Samara O'Shea

Excerpt

Introduction: Yes, There’s Still a Need for Letters

The art of general letter-writing in the present day is shrinking until the letter threatens to become a telegram, a telephone message, a post-card.
—Emily Post, Etiquette, 1922

“Do you know what ROFL stands for?” my mother asks. I can hear in her voice that she already knows the answer and is ready to boast about it.

“Rolling on the floor laughing!” Her animated reply practically sends her into the act she just described.

“How about LOL?”

“No.”

“Laugh out loud!”

I felt silly for not knowing that one. “Well, if I had seen it written I would have known.”

She continued, “TTYL? Talk to you later. JK? Just kidding. GTG? Got to go.”

My mother is mastering this new language à la acronyms so she can communicate with my cousin Kimi. Thirteen-year-old Kimi is a quick draw—the fastest text messager east of the Hudson River. I imagine Kim trapped at a family event without her cell phone, unable to thumb-tap her way into the latest gossip circling among her friends—a tragic sight. I could tell her it won’t always be like that, but she’d never believe me. I could also tell her there once was a time when thirteen-year-old me had to endure family gatherings without instant access to my friends. Occasionally I could sneak off and use the phone, but it wouldn’t take long before the, “Samara, where are you?” horn started to sound. Kimi knows nothing of this. She can sit quietly in the room, seemingly with us, but really she’s at a friend’s house or the mall—talking newly formed crushes and horrid homework assignments.

It didn’t take long for my mother to savvy up and accept if she was going to get to know the newly minted teenaged version of her niece she would have to do it on Kimi’s terms—via computer or handheld gadget. Truthfully, I don’t know what I find more amusing: Kimi’s incessant IMing and texting or my mother’s foray into the new experience. She confesses, “It took me forever to get BRB (be right back) and BBL (be back later). Kimi uses these a lot, and I’d be stranded typing, ‘Kimi, what are you doing? Kimi, where are you? Kimi, why are you coming and going so much?’”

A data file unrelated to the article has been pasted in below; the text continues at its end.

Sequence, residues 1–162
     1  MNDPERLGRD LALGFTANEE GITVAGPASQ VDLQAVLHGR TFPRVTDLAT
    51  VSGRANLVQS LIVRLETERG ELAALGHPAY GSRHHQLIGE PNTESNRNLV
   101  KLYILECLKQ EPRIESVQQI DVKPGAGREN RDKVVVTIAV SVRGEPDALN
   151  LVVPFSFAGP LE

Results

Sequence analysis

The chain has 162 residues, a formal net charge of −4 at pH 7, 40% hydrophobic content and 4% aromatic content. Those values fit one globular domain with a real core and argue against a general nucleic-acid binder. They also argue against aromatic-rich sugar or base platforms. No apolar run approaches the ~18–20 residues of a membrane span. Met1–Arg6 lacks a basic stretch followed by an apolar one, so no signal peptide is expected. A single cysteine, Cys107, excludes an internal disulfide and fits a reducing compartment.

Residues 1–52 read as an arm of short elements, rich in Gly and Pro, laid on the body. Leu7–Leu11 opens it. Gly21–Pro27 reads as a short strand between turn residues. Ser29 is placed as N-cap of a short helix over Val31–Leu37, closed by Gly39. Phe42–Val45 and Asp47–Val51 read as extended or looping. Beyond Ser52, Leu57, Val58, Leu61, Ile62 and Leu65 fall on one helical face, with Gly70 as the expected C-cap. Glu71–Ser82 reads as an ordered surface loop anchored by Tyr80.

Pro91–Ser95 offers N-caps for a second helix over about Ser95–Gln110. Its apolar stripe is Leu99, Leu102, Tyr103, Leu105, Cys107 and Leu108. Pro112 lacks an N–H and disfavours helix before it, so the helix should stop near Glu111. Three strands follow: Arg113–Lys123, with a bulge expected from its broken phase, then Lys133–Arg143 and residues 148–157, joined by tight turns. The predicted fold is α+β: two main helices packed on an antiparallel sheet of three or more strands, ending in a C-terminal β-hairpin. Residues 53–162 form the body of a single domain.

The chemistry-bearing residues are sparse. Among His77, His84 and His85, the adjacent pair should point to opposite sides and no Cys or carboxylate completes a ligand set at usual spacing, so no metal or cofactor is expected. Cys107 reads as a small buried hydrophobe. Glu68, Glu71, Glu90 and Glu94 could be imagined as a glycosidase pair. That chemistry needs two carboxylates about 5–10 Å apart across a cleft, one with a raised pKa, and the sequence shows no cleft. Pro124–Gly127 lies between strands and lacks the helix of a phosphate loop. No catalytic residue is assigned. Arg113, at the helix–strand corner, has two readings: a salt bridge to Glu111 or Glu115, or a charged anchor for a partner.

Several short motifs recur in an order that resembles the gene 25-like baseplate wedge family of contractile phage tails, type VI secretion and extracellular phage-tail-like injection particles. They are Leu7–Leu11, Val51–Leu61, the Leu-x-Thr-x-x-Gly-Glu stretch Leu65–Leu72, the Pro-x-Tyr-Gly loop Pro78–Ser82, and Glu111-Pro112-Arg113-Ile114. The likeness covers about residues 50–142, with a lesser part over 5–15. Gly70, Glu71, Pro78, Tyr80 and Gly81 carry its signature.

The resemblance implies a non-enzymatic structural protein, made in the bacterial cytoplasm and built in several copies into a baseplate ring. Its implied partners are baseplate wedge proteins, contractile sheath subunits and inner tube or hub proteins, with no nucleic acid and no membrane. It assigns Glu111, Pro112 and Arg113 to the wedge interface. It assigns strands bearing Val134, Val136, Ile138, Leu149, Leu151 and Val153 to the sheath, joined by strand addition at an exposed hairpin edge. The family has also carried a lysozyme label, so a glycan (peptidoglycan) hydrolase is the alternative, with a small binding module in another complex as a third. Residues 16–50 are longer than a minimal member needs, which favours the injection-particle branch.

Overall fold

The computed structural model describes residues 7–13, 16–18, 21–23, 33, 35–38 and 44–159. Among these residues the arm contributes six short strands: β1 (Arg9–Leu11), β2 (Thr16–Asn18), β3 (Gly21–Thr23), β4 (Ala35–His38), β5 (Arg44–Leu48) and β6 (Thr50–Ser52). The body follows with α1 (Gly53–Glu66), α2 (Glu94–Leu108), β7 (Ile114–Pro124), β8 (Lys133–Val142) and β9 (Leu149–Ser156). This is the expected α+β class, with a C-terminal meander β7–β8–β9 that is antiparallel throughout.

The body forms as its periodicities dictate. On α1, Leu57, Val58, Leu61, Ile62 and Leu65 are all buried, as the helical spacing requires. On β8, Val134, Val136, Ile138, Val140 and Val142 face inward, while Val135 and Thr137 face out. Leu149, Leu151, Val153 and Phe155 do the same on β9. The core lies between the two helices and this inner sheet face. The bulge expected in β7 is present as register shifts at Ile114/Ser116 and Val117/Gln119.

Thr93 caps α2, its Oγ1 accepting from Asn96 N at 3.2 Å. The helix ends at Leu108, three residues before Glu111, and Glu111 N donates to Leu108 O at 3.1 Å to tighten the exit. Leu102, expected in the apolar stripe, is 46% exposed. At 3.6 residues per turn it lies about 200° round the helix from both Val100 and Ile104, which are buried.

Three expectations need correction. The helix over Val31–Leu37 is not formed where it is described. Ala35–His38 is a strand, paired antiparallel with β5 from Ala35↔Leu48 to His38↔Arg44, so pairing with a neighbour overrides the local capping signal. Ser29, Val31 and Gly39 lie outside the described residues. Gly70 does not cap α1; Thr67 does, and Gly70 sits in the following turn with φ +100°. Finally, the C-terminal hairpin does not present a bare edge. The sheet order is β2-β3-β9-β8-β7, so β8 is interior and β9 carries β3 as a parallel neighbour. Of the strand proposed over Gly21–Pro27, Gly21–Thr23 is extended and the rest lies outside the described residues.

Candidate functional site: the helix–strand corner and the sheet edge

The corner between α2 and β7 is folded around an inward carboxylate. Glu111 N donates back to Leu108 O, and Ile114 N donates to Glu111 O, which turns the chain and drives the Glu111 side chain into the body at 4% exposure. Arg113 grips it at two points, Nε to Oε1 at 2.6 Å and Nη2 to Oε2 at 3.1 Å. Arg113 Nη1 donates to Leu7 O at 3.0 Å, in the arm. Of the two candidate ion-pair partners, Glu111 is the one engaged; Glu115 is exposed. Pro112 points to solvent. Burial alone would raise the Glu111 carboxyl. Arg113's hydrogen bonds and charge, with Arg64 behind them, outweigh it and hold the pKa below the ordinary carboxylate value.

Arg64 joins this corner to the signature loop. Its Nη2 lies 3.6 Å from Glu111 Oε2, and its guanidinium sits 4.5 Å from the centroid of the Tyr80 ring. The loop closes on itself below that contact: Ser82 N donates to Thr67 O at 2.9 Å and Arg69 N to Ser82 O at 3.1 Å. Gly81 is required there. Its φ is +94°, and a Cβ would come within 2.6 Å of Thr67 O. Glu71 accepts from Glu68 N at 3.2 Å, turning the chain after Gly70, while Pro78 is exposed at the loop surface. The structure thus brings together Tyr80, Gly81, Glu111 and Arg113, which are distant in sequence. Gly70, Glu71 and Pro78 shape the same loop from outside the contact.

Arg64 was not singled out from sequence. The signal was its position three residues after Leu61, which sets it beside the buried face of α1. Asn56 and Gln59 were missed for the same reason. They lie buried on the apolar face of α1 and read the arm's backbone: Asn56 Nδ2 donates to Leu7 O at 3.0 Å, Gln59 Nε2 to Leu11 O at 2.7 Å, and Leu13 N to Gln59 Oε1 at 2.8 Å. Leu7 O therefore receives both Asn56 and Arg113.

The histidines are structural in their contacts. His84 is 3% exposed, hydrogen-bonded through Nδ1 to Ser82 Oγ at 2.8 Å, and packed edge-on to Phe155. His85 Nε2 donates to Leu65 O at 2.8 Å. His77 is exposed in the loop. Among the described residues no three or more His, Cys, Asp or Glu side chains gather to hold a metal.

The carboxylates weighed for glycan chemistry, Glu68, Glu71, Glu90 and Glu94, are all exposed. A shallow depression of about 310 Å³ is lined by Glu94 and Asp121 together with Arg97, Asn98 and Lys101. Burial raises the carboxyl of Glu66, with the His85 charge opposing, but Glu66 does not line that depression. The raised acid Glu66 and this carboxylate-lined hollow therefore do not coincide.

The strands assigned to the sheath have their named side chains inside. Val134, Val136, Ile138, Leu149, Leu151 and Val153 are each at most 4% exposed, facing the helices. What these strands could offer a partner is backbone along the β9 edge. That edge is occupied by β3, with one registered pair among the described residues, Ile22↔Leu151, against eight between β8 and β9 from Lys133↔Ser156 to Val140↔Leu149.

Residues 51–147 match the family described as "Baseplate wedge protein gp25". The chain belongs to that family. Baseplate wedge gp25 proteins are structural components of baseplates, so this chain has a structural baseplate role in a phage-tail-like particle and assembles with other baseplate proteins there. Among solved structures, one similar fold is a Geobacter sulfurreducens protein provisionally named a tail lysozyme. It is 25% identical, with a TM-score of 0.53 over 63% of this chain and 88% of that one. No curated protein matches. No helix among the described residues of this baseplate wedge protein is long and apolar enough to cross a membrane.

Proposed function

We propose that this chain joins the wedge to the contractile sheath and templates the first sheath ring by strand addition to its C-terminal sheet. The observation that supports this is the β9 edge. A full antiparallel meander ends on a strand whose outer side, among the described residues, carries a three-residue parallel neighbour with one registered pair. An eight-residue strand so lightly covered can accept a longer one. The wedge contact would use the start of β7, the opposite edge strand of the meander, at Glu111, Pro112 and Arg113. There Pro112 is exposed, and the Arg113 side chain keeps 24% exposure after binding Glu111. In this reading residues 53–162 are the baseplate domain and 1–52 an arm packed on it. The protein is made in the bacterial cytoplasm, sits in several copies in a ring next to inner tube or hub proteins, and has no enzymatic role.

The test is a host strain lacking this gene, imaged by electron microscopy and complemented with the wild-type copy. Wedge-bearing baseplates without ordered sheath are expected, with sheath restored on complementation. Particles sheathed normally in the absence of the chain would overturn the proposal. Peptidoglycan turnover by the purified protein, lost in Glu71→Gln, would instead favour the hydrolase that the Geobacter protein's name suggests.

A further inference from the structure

It may seem as though I’ve set this up as if I’m about to criticize the tenacity of technology and “kids today,” but that’s not the case. I completely understand and appreciate the need for shorthand and speed. If Friar Lawrence had had e-mail, Romeo and Juliet might have lived happily ever after. If Philippides had his cell phone on him, he could have called in the good news of the Athenian army defeating the Persians instead of running twenty-some miles back to Athens only to die of exhaustion when he arrived.

My concern is, though, that what we gain in speed we lose in language—and, just a reminder, we are the heirs of a resplendent language. English is curvaceous, complex, and beautiful. Fluent and fierce. She is the lover you will always adore but will never fully know because there’s too much to know. She is a true seductress—devious and overt, offering endless possibilities. With her I could tell you that you look gorgeous or that you look exquisite or that my body lost its breath when I happened upon you. When we encounter her placed in uncommon and alluring order we find inspiration and purpose. We find connection with ideas, with emotions, with people we know, with people we will never know, and with time periods that we must learn from and understand.

So I say yes, let’s be efficient—but let’s not squander our inheritance. Let the technology soar and improve, but let’s be careful not to assume the latest and greatest inventions will be around forever. They most likely will not. Let’s set time aside and allow our lovely language to bask in a place that has already proven its staying power: on paper. We must spread her out so that she can dazzle and breathe. Like all living things, if she does not breathe she will die.